MONTGOMERY VILLAGE, MD. It was a horrendous day. We in the Mid Atlantic US get these days in early winter, 45 degrees with a fine rain. We were receiving donated computer equipment at a Mitzvah. I had recently learned that it translated to something close to “good deeds event”.
It was early on a Sunday morning.
Three of us, two males and one female were standing at the edge of a parking lot in front of a beautiful temple accepting the infrequent donations. The three of us volunteer at a Non-Profit, refurbishing computers for people on assistance in a Maryland suburb of Washington, DC.
A temple of means
The other male, Mike, had shown us the place and had commented somewhat embarrassed that he didn’t like it because it was too ostentatious.
With my limited knowledge of the Jewish religion, I had to agree with him, as Synagogues are usually plain square buildings. Two police cruisers were conspicuously parked at the two entrances to the building.
My companions had taken refuge in their vehicles that were parked nearby, one of them supporting a banner indicating our role in the event. I was properly dressed and toasty in my waterproof parka, enjoying the quiet, and people-watching. All types of people passed by, many, family groups.
Even a very buff thirty-something wearing shorts and a t-shirt rushed by taking the steps two at a time. The parking lot was full of mostly new and expensive sedans and SUVs.
The woman working with us opened the window in her SUV and asked me if I wanted to join her, out of the rain. After some coaxing, as I was really enjoying being alone, I agreed. She got out of the vehicle and started moving stuff from the passenger seat to the back. Then she expectantly stood by the door and motioned me to enter.
The interior of the car showed heavy use, but it was clean and smelled fine. After a few seconds, I remarked,
“Well, I have seen you at the shop wearing a private guards uniform, how do you like it?”
“Is OK, I work the midnight to eight shift and then come to the shop to volunteer and serve my internship. I just got out of my shift before we met here.”
“Wow, you must be tired. I hope you will have a chance to rest after this.”
Her melanin-rich, smooth chiseled face showed surprised and then she answered,
“Yea, I will go take a shower and drive to my work. I will try to catch some sleep in the parking lot before I come on.”
I was confused, these actions didn’t quite match. It was very difficult to determine the age of the woman, as it is common with dark people. Why would she take a shower and then go to sleep in her car at a parking lot? So, I asked her,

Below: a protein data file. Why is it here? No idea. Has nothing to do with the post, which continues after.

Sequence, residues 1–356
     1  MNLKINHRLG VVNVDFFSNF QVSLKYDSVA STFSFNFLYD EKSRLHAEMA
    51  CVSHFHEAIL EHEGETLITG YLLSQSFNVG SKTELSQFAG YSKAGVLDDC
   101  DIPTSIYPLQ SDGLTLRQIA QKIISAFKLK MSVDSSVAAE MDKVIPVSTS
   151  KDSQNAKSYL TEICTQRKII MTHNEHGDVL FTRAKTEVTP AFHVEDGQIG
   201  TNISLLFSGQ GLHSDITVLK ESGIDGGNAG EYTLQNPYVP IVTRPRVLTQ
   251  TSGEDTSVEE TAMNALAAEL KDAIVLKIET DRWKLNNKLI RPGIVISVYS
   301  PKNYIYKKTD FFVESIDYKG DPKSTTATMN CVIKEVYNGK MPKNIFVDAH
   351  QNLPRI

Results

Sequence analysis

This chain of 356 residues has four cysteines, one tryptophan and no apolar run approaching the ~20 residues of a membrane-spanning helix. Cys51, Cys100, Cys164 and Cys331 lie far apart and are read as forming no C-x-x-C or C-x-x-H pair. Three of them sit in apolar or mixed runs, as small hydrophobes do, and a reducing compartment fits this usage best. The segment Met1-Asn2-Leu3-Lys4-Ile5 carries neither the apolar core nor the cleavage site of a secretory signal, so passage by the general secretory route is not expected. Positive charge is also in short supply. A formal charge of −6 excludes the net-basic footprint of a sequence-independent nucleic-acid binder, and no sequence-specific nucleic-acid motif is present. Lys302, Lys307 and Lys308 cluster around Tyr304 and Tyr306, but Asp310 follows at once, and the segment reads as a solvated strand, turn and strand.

“Do you live around here?’
She thought for a moment and then answered,
“I stay with my mother who lives in Southern Maryland, but it is too far to drive every day, so I stay around here until Thursday morning, drive there, do what I have to do, including school work, and come back on Saturday before my shift.”
“So, where do you shower?”
“I use a fitness center.”
“So, after showering you drive to your job and sleep in the parking lot, isn’t that dangerous?”
“Not with the help of God. I haven’t had any problems”.
As I tried to digest the information, a European SUV stopped by our vehicles, a woman got out and opened the rear hatch signaling an imminent donation. We got out to collect the expected old computer and/or printer. Along with two old dusty printers she had several cloth bags full of clothing in the back of her vehicle. After I collected the printers, we asked the SUV woman whether she wanted a receipt. She said no.
The woman that was helping us approached and asked the lady that was donating whether she was going to give away the clothing. She said yes. Then she asked,
“Would you mind giving it to me? I have four grandchildren and I fix things and send them to them in Florida”.
The other woman froze, it was evident that she didn’t expect the question and couldn’t come up with an answer. She recovered and mumbled,
“Sorry, this for the Mitzvah”.
We all felt uncomfortable, and nothing else was said. Even after the donating lady drove off.
This is our current reality. There are millions of people in our country that do not have a place to live or that live mostly in their vehicles. They don’t have health insurance because their jobs don’t warrant it. The situation is so dire that they are no longer embarrassed to ask for help. How should we respond?
We, that have all the essentials and more, do not see these people. They live lives of “quiet desperation”.
Mario Salazar, the 21st Century Pacifist, is a very lucky immigrant that has been here since 1965 and some times doesn’t recognize his adopted country. He is in Twitter (@chibcharus), Google+, LinkedIn and Facebook (Mario Salazar).